When we teach for understanding, we aim to help students move from the place they can repeat and recall information, to the place they can use it. We do this by focusing on key ideas and by setting tasks that require students to examine and use ideas in flexible ways. Like much educational vocabulary, the phrase “teach for understanding” became a catch-phrase in the 1990s and has since faded somewhat. But as we work to help students make sense of their world—and to help teachers make sense of new standards and new curriculum—a return to some of the key questions around understanding may help.

What are the big ideas here?

Why do those ideas matter? How do they apply to the real world?

How can students apply the ideas in ways that are meaningful to them?

When students have a chance to apply ideas in meaningful ways, opportunities for creativity can flourish.

So there we have them, five huge ideas for this year. If that feels like too much and you’d like to borrow a resolution, feel free to try just one. It will make a difference. If that feels like too much, you might take a cue from a conversation I had with a colleague regarding a difficult professional situation. We decided that to survive the pressures around us, we had to create “pockets of sanity” in the midst of chaos. Here are five bonus ideas for brief pockets of creativity-friendly school days. Perhaps one will be just right for you.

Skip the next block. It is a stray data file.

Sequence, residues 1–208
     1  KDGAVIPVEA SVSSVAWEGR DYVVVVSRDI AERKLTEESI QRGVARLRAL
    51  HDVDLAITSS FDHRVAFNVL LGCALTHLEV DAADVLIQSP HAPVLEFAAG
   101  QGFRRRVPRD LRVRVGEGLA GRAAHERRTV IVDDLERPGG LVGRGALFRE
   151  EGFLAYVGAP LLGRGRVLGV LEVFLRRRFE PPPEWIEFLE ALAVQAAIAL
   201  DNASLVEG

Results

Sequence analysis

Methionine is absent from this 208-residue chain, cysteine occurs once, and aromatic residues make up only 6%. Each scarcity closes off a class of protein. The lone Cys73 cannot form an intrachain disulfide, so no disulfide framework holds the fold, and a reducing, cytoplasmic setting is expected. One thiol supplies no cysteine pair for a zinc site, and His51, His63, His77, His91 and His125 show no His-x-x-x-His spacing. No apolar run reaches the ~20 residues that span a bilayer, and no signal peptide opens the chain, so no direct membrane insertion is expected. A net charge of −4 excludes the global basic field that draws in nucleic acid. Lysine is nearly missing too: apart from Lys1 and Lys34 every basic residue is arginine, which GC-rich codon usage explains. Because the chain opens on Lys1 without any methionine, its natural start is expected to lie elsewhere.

1. Insert some “what if” questions in your lesson. You might ask what would happen if someone had made a different choice, if an event hadn’t occurred, the the current trend continues, if the solution were diluted—anything that pushes students to make inferences about the content.
  2. Insert a question about another perspective. What might a person from a different time or place think of your topic? How does this reaction appear from the perspective of the material? How does a cell feel when splitting?
  3. Use rhythm or melody to reinforce content. How many of you know the Preamble to the U.S. Constitution because of the old Schoolhouse Rock song? Let students create songs or chants about key ideas, or create one yourself.
  4. Help students visualize, whether it be the environment of a literary character, the world of a particular time period, or the interactions in a pond. Help them think about the implications of details—how many people were on the Mayflower? How big was the space? What would that feel like? Noticing is the first step in creative explorations. Be descriptive and help students be descriptive.
  5. Share your sense of wonder. Sophisticated nonchalance is the enemy of creativity. The world is puzzling, frustrating, and frightening. Yes. But it also is amazing, beautiful, and full of wonder. Share what you find astonishing and wonderful. Bring in news of people who have solved problems. Be a champion of students as problem solvers surrounded by opportunities to create. Because they are.

What other moments help bring creativity into your class?